We are indebted to Professor Andrea De Marchi who, on the basis of a photograph, recognised that this panel is a late work by Andrea de' Bruni, the Bolognese master who settled at Ancona. His hand was first distinguished from that of Andrea de' Bartoli by Roberto Longhi in 1934. His name appears on a signed document dated 1369 (Fermo, Galleria) and on his Madonna dell'Umiltà (Museo di Corridonia), dated 1372. Longhi proposed the frescoes in the central nave at Pomposa Abbey (near Ferrara) as Andrea's earliest surviving work, dating them to the 1350s as products of the Bolognese pictorial canon, directly dependent on Vitale, who doubtless oversaw the decorative programme. To this Vitalesque phase one can also add a Madonna enthroned with Saint John the Baptist (Bologna, Pinacoteca), datable to circa 1360. A marked stylistic development beyond this background can already be discerned in a Crucifixion in the Ospedale degli Infermi at Rimini, as well as in a Nativity which may date to a proximate moment (London, private collection).
The unusual shape suggests that the panel would have been attached to a handle or staff and used as a processional image on feast days and other occasions of religious observance by a local congregation or a lay confraternity. Very few such processional images survive; a notable example is the much larger processional banner painted a generation later by Spinello Aretino (New York, Metropolitan Museum of Art), representing members of a confraternity in devotion to the Madonna. We are grateful to Mr. Everett Fahy of the Metropolitan Museum of Art for confirming the plausibility that the present 'superb' work by Andrea de' Bruni may indeed have had a processional function.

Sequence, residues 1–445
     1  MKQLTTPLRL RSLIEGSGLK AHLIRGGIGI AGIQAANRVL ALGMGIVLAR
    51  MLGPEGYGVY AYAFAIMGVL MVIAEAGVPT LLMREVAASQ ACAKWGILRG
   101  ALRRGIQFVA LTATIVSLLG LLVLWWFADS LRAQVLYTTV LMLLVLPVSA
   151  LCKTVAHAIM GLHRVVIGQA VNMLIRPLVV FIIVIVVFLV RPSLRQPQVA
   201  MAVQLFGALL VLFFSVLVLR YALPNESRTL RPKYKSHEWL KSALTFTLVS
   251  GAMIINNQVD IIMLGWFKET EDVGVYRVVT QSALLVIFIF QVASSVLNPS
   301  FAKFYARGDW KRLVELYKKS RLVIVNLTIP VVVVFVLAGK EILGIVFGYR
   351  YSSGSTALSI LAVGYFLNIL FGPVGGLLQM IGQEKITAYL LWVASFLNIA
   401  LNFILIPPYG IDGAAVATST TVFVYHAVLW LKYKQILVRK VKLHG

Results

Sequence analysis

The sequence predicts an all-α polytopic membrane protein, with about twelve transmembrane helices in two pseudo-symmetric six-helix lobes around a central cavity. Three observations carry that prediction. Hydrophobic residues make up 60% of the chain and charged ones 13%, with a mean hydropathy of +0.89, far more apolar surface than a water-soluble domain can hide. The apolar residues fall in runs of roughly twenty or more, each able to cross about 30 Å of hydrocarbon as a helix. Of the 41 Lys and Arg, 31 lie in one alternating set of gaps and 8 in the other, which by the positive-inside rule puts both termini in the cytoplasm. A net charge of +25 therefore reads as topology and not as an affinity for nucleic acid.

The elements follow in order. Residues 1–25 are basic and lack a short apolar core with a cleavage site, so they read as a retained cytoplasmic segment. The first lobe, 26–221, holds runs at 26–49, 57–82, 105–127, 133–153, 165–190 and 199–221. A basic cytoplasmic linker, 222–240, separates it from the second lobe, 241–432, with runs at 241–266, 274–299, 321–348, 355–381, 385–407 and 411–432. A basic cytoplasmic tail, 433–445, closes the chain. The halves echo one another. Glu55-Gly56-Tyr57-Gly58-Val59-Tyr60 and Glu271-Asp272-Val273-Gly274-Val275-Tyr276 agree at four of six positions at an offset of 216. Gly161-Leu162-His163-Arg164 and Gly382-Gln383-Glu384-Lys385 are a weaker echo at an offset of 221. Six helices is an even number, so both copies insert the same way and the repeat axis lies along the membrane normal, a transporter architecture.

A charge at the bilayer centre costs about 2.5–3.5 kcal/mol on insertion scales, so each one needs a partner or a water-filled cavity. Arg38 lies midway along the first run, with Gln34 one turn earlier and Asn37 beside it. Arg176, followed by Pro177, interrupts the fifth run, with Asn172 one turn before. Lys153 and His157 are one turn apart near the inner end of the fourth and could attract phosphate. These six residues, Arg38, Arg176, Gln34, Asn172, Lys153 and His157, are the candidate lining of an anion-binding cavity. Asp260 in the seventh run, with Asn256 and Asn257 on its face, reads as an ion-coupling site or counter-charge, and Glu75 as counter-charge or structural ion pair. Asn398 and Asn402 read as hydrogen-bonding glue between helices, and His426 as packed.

The provenance of this panel can be traced back to the early nineteenth century, when it would seem to have been acquired by Maria Louisa of Spain, daughter of Charles IV of Spain and consort of Louis, Duke of Parma. When the Treaty of Aranjuez was signed on 21 March 1801, depriving the House of Bourbon-Parma of their territories in Northern Italy (which had been occupied by French troops since 1796), Napoleon created the Kingdom of Etruria to compensate the former Dukes of Parma for relinquishing his claims. This new kingdom comprised most of what had been the Grand Duchy of Tuscany, and Louis and Maria Louisa were its first King and Queen. When Louis I died in 1803, his young son Charles Louis succeeded him as King Louis II, while Maria Louisa was appointed Queen Regent. This arrangement lasted only until 1807, however, when Napoleon decided to dissolve the Kingdom and absorb Tuscany into France, turning Etruria into three French départements.
The Duchy of Lucca was established by the Congress of Vienna in 1815 as a new compensation for the House of Bourbon-Parma, with Maria Louisa reigning as Duchess until 1824, when she was succeeded by Charles Louis. From 1824 to 1827 Charles Louis travelled throughout Italy, while from 1827 to 1833 he was in Germany, where he owned two castles. During his reign as Duke of Lucca he consolidated the family art collection, a part of which was sold in a celebrated London sale at Christie's in 1840; as well as the present lot, the sale included works now given to Fra Angelico, Benvenuto Tisi da Garofalo, Lucas Cranach the Elder and Correggio.